I’m Just Saying: The agony of da feet

Published 8:00 am Friday, May 11, 2018

I’ve always thought one of the most enticing physical attributes a woman has is her dainty, elegant feet, pedicured with nails painted a subtle, pleasing shade.

They’re so youthful, so sexy, slipped into kitten heels or simply barefoot in the grass.

Which is why I have always despaired over my own honkin’ trotters.

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I have big feet. Appallingly big, ugly feet. Feet whose shoes could double as kayaks.

But to be clear, my canned Spams are free of bunions and hammer toes or any of those crippling defects resulting from trying to wedge ones feet into pointy-toed pumps a size too small. What makes a toddler (as well as its mother) stare in horror at my flippers should I dare to wear anything open-toed while waiting in the check-out line, is the fact that I’m missing part of the big toe on my left foot (from a particularly violent dodge ball game in junior high. You think I’m kidding? I’m lucky to be alive.), along with the toenail.

Lee’s “press on nails” never worked. Neither did their other, cheaper line that I tried, Lee’s “press on bust,” but that’s another story for after the kiddies are in bed.

Add to this partial mutilation that I’ve had horses since I was 8, and, like every other horse owner on the planet, been stepped on several times resulting in each toe being broken at least once, along with an ankle.

Then there was the time I had X-rays taken for another injury and after scanning the films, the doctor drily commented, “It’s amazing you can walk at all considering how badly your last fracture was set.”

“Which fracture?’’

‘‘This one,” he said, pointing to a thick, fuzzy line on the film.

“Huh, I didn’t know about that one,” I replied, frowning.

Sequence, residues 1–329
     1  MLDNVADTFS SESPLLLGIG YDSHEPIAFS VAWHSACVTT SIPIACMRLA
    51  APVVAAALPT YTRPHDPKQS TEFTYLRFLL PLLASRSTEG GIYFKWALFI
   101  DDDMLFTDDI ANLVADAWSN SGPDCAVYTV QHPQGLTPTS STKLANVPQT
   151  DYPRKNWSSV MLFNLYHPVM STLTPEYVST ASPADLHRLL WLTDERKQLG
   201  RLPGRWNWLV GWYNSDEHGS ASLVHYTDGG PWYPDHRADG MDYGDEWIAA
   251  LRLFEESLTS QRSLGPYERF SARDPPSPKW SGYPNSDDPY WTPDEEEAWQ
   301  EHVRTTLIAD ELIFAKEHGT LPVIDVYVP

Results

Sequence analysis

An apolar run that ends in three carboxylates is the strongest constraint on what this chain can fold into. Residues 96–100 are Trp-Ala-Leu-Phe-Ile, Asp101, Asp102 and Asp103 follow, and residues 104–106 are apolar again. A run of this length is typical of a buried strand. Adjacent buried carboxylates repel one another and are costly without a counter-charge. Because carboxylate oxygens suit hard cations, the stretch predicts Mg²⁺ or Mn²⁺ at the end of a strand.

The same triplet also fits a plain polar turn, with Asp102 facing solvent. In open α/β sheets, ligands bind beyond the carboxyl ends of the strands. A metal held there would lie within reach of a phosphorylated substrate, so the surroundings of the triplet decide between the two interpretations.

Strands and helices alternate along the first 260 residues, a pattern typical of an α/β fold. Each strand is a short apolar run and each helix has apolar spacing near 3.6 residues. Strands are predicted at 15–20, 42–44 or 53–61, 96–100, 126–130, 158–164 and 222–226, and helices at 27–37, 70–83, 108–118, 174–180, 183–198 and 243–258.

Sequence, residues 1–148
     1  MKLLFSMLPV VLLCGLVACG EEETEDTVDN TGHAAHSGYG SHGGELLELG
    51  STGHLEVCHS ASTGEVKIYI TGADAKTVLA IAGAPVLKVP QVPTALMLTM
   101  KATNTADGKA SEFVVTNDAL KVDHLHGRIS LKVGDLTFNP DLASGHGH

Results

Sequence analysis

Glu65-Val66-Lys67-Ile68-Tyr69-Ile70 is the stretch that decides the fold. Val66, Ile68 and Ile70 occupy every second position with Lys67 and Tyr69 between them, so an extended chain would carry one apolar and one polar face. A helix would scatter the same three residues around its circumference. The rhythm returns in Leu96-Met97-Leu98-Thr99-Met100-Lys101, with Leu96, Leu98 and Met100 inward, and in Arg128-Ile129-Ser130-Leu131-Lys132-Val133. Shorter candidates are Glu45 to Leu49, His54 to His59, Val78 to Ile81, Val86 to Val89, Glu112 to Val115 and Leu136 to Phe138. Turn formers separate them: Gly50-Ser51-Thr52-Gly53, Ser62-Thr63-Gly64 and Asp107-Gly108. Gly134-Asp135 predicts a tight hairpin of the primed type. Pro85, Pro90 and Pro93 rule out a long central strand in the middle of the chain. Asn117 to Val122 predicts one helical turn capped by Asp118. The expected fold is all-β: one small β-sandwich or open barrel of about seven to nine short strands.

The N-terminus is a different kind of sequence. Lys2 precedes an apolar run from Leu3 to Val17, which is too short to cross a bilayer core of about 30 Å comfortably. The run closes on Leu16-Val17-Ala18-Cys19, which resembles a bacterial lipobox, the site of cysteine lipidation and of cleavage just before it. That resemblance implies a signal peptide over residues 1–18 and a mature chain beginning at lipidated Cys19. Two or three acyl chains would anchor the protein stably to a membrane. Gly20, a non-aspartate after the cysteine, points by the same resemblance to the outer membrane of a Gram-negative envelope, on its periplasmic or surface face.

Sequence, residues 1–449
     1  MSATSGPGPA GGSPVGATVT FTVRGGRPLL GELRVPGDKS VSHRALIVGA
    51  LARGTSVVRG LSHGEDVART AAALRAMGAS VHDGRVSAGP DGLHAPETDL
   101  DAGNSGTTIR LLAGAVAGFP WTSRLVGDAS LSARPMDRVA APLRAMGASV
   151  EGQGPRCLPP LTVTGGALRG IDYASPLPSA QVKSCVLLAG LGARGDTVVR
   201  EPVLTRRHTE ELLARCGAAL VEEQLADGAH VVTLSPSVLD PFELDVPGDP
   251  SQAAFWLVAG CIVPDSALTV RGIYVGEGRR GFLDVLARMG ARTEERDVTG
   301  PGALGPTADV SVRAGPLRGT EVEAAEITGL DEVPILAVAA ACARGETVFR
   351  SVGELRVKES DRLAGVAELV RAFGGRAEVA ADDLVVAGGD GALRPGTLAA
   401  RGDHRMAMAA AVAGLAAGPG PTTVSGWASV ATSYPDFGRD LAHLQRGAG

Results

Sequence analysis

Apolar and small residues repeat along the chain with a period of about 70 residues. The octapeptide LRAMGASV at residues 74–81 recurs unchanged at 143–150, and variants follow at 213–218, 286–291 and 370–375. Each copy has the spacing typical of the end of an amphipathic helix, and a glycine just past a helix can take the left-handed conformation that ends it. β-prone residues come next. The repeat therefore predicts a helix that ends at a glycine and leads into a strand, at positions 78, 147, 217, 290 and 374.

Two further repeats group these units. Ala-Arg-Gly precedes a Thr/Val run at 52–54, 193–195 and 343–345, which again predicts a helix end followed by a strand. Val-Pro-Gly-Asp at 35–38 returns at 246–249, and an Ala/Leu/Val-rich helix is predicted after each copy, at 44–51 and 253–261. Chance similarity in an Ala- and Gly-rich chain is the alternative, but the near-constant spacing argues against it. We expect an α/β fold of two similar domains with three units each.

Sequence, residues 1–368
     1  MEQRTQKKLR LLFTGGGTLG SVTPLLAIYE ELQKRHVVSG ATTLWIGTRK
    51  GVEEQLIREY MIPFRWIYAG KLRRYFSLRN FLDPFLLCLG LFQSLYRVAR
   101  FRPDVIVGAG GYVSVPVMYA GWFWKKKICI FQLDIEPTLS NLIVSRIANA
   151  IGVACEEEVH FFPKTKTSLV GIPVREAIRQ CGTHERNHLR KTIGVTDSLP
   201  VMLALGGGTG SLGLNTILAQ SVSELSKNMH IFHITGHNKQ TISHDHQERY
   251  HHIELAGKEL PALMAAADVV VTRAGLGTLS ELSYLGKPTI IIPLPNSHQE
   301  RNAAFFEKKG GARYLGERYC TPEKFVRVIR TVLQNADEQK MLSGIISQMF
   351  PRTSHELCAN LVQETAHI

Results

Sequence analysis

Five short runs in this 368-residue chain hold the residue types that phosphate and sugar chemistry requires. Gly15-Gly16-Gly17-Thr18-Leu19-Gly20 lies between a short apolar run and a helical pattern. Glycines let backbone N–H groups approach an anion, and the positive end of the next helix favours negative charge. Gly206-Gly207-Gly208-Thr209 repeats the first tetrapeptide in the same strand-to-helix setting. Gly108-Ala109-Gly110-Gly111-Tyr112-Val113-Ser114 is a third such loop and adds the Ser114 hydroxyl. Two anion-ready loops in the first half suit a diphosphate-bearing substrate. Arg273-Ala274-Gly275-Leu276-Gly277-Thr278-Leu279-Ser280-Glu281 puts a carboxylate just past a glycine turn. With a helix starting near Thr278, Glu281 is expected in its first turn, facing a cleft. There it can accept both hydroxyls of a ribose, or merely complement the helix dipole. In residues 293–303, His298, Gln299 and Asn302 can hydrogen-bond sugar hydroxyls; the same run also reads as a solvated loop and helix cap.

“How could you not know?’’ He was incredulous. “It was displaced.’’

“Yeah, well,” I answered, scratching my head. “I remember getting stomped on and it taking about a year before I could lace up a shoe on that foot. That was probably it.”

Just when I thought they couldn’t look any worse, a week ago, I stepped barefoot out onto our front deck and promptly felt a wooden splinter the size of a celery stalk impale the ball of my right foot, near the pinky toe.

This is an excellent time to point out that the best part of living on a large piece of acreage is that you can cuss at the top of your lungs for as long as you need to without offending anyone. I plopped down on the stoop and immediately pulled the thing out, which resulted in more therapeutic shrieks of colorful language.

As usual, I raided my substantial first aid kit. In the barn. Tossing aside the paste wormers and banamine (for colic), I saturated a sterile gauze pad with Betadine, cleaned the wound, applied Bag Balm, as one does, then wrapped my foot and tried to walk it off. For a week.

By day six, the throbbing was unceasing and I was hobbling about doing chores on my heel. It was clear an infection had taken hold.

My doctor, with the patience of a saint, squeezed me in and I laid back, gnawing my knuckle as she opened, drained and packed it. Cellulitis, she pointed out, was already showing in my toes and that can spread quickly.

With a prescription for antibiotics, I limped out, trailing Paul, who had kept his eyes screwed shut in horror during the entire ordeal.

It’s easy to forgive the assistant who showed me into the procedure room and helped me onto the table. Slipping off my flip flops, she glanced down at my lumpy, sized-10 double wide, and gasped, “Goodness, your poor foot!”

“It’s the other one, actually, that’s hurt.”

Because them are some big, ugly feet…